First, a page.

The results for the Government’s English Housing Survey for 2018-19 were published yesterday, and they reveal a mixed bag of statistics. Tenancy lengths are increasing, but this isn’t necessarily a good thing for tenants.
The average length of tenancies in the private rental sector (PRS) has increased to 4.4 years, up from 4.1 years in last year’s survey. The Residential Landlords Association sees this as a positive.
John Stewart, Policy Manager at the RLA believes that landlords are helping tenants establish roots in their communities:
“The vast majority of landlords who do a good job welcome good tenants staying in their properties long-term and today’s figures bear this out. They clearly refute the picture some create that landlords spend all their time looking for ways to evict their tenants and it is time to end this scaremongering.
“The market is meeting the ever changing demands on it without the need for legislation. It is vital that the Government continues to support and encourage this with pro-growth policies that support good landlords to provide the long-term homes to rent to meet ever growing demand.”
Others see longer tenancies as a symptom of a broken property market. Joseph Daniels, founder of Project Etopia said:
“Falling home ownership among the young still threatens to become a national crisis rooted in high property prices and stretched affordability but the tide has finally started to turn.
“Help to Buy, both the equity loan and the ISA, and Stamp Duty relief, are behind the march of the first-time buyers who will be powering a recovery in home ownership in this age bracket.
“This points to a welcome softening in affordability issues but much more progress needs to be made. It will take considerable time and momentum until owner occupancy among younger people returns to the 59% seen in 2003-04.
“House building will need to keep pace with growing demand and buyers face very different propositions across the country with prices still unaffordable in many parts of the UK, particularly in the south of England.”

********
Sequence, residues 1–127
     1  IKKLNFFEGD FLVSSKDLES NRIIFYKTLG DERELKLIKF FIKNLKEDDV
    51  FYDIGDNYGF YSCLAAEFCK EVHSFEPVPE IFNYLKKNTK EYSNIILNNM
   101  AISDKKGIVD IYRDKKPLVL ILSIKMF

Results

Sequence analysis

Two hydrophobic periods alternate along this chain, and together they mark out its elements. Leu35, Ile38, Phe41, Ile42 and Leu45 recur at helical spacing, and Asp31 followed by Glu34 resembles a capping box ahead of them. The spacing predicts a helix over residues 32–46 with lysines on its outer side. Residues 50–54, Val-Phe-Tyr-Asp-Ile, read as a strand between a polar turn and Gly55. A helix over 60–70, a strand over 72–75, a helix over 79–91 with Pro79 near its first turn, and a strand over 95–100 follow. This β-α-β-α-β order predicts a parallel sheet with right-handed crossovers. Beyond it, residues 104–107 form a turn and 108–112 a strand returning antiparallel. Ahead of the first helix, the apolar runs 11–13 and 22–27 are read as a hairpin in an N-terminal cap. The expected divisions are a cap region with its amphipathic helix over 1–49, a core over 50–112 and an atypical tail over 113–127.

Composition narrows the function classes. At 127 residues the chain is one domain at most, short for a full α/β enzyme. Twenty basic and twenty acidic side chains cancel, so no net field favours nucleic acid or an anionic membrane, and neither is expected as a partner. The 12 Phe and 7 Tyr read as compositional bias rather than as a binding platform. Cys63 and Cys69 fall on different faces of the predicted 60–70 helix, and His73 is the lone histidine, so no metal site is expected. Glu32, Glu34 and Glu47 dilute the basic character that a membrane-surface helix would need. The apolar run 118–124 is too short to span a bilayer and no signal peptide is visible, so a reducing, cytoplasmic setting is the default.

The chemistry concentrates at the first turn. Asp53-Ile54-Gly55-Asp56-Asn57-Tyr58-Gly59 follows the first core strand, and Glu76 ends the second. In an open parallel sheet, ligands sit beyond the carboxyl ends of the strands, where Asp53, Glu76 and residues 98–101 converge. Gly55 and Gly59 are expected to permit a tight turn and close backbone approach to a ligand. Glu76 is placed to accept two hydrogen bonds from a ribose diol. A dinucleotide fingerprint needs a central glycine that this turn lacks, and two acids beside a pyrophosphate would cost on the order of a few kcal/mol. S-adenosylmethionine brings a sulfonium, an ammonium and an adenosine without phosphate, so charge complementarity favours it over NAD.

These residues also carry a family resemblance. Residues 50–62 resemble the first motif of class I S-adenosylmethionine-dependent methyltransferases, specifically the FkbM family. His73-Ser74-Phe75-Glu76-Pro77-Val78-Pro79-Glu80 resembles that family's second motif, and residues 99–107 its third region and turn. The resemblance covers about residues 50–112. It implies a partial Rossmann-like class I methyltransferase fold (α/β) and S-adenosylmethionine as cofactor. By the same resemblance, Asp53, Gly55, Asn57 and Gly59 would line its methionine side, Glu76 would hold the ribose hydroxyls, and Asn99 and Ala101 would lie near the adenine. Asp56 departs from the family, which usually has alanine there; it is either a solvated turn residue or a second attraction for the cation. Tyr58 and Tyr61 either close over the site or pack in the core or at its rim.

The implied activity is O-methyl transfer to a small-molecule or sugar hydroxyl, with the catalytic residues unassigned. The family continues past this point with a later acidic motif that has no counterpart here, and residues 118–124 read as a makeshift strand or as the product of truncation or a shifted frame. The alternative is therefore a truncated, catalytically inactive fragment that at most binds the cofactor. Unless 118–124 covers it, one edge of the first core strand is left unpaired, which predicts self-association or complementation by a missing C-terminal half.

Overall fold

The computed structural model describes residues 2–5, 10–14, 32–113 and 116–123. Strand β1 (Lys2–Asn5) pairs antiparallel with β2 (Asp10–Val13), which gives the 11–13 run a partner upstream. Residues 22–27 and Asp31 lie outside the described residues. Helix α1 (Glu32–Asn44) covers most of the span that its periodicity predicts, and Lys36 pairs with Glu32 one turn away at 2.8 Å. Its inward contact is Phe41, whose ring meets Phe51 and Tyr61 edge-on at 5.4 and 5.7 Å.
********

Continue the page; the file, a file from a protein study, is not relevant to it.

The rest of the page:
Dan Wilson Craw, Director of Generation Rent sees this as a big problem. Whilst landlords are providing a useful service, renting is not the end goal for most people, but owning their own home is looking more and more difficult.
“Renters are getting older and many are raising children in homes they can currently lose at their landlords’ whim. Renters are compromising on space to cover expensive market rents, so overcrowding is at an all-time high. Young and old alike, more renters fear they’ll be renting for life.
“These trends underline the urgency of reforming the rental market to give tenants stable and affordable homes. The government’s Renters’ Reform Bill is a huge opportunity to give hope to 11 million people.”
On overcrowding, it is worth noting that the percentage of overcrowded rented homes is at 6.2%, a 23-year high. Even more worrying is that the PRS is the only sector that has seen no decrease in its percentage of non-decent homes.
25% of private rented homes fail to meet the Decent Homes Standard 2018, compared to 17% of owner occupied, and 12% of social rented. This means that 1.15M privately rented homes are not considered to:
• Meet the statutory minimum standard for housing (the Housing Health and Safety system (HHSRS) since April 2006), homes which contain a Category 1 hazard under the HHSRS are considered non-decent
• Provide a reasonable degree of thermal comfort
• Be in a reasonable state of repair
• Have reasonably modern facilities and services
With renters staying longer in individual tenancies, and looking at a longer proportion of their lives renting, it is clear that both landlords and the Government must work together to improve tenants’ lives.
The Government must make the property market more accessible to renters, first time buyers and young families.
And whilst the majority of landlords provide decent accommodation, more must be done to improve the quality of non-decent rented property. Read Just Landlords’ guides on landlord responsibilities to make sure that your property is up to spec.